We take a look at some more great digital indie comics including: 90s cyberpunk inspired web comic Drugs and Wires; Tillie Walden’s haunting and beautiful teenage love story, I Love This Part; Laura Trinder’s nocturnal mail man and his misadventures in The Night Post; and 80s video game inspired lunacy in the form of Satan Ninja 198X.
Drugs and Wires (dead channel comix)
It seems weird to think of the ’90s as being appropriate for a ‘period’ story, but this gritty and grimy cyberpunk webcomic, creates an alternative timeline where alt-rock and floppy drives are still current and manages to perfectly channel some classic ’90s zeitgeist without relying on empty retro posturing. Writer/artist Cyroclaire has created an amazing pre-Internet techno world for her recovering VR junkie misanthrope Dan, that mixes garish technicolour images (complete with early digital style artwork) along with a hint of vintage ’90s Anime. As Dan is drawn back into his addictive world of virtual reality celebrity the story takes swipes at contemporary celebrity culture, reality TV and techno-dependance, while painting the whole story in bleak and depressing air of cyberpunk wires and heroin chic gloom. Packed full of incredible details and some stunningly imaginative premises, Drugs and Wires is a book that feels like it could have been discovered in a long lost back of issue of Deadline or Toxic! but has been giving a 21st century tidy up. So dust off your Nine Inch Nails tapes and your Cannibal Corpse t-shirt and immerse yourself into this drugged up, retro, techno tale.
Drugs and Wires is available as a webcomic via the Drugs and Wires website
I Love This Part (Avery Hill Publishing)
This haunting tale of teenage angst and confusion is told through a series of beautiful full page watercolour paintings from writer/artist Tillie Walden, that use simple purple washes to reflect the mood of the characters. It begins with two young teenage girls discussing ‘regular teenage girl things’ – family, school, music, YouTube videos and low self esteem – but each panel sees the girls drawn as giants within different urban and rural settings. It may sound surreal but it is a stunning visual and makes for an evocative allegory for the self-involved nature of teenagers, considering themselves bigger than the world they inhabit. As the girls’ relationship develops from friendship to something more, the use of colour gets more vibrant, before being replaced with storm cloud grey when things go wrong. For such a delicate topic the whole thing is handled incredibly subtly and Walden creates a wonderfully empathetic look at two teenage girls coming of age. Despite the apparent ‘mature’ topics discussed, this should be encouraged to be a true all-ages book as it should appeal and inform readers who are young and old alike.
Purchase I Love This Part from for $5.99 from Sequential
Night Post (Improper Books)
It’s almost impossible to discuss Benjamin Read and Laura Trinder’s The Night Post without using the words ‘charming’ and ‘endearing’ because it is the very definition of both. This tale of a nocturnal post man who delivers mysterious packages to a variety of supernatural beings in the dead of night, is told without a single piece of dialogue and so, despite having a very set path, allows the readers to use their imagination to flesh out exactly what is happening at each juncture. (For example: Why do the psirens need some bubble bath and what is in the dragon’s glass jar?) Every page is rendered in exquisite detail by Trinder and is one of those books that rewards repeat reading/viewing/studying as you notice more interesting little details with every pass. Pages such as the post office scene and also the dragon’s cave are pages which we have spent many an hour checking out and zooming into on our iPad’s screen to make sure we get every single nuance. Trinder has a classic storybook illustrators style and with her quirky sensibilities and fine eye for detail means Night Post is the kind of book that belongs on the shelf of every fan of intelligent fantasy like Neil Gaiman or Philip Pullman, or even those who just like a bit of Harry Potter too.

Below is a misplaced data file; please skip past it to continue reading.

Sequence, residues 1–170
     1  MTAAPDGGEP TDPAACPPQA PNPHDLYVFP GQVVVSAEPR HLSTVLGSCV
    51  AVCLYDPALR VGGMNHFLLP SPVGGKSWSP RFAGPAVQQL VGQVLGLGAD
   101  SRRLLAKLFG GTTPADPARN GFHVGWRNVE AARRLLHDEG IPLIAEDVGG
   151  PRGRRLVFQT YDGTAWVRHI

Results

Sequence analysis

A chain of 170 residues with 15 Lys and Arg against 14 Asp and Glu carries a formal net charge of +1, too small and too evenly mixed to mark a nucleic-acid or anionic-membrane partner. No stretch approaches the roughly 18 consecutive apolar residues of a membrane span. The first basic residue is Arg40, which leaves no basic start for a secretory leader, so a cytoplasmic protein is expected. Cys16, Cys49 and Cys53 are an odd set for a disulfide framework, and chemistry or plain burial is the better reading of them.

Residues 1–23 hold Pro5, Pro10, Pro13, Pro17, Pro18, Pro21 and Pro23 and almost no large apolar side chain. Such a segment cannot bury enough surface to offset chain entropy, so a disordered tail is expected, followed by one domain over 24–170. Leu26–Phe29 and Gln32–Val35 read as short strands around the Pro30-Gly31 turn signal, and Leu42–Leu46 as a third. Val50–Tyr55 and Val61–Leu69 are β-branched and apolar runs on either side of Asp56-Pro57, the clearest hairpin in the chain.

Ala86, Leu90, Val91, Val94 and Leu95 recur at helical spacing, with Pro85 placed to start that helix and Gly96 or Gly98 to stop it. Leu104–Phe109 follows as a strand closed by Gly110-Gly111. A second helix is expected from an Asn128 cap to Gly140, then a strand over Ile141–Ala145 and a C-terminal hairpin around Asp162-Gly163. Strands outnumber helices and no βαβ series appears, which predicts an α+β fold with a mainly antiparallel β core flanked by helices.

Purchase Night Post for $8.99 from Sequential
Satan Ninja 198x (Dark relic productions)
If you grew up in the 1980s on a steady diet of comic books, arcades, video nasties and high school teen movies, then Satan Ninja 198X will have everything in it you could ever want from a comic. From the cover with it’s 80s Atari video game inspired artwork, to the opening DPS which is rendered as an 8-bit arcade beat-em-up, then you can tell that this is a labour of love for a creative team with a truly masterful understanding of the period and everything that went into making it so rad! The story is almost of secondary importance as a bunch of high school nerds discover an all powerful amulet that gives one of them Satanic Ninja powers, as it is everything else that is going on that is what makes it work. From the douchebag jock, to the neurotic cheerleader love interest, to the some aptly named Goonies-esque heroes to the hero worship of 80s action star Joe Shinobi, writer Adam Dravian creates a story that is packed full of 80s detail, while Jessica Safron instills every panel with the level of style and attention to detail that makes it reminiscent of Sex Criminal‘s Chip Zdarsky in it’s brilliance. It also follows in the NSFW foot steps of Zdarsky’s book, as it is not afraid to be trashy and violent where needed (and also when not) and so contains nudity and violence in some unexpected places, but just like a crappy ’80s straight to betamax action movie, that is part of the charm.
Read the Satan Ninja web comic at satanninja.com and download issue #1 and #2 from their store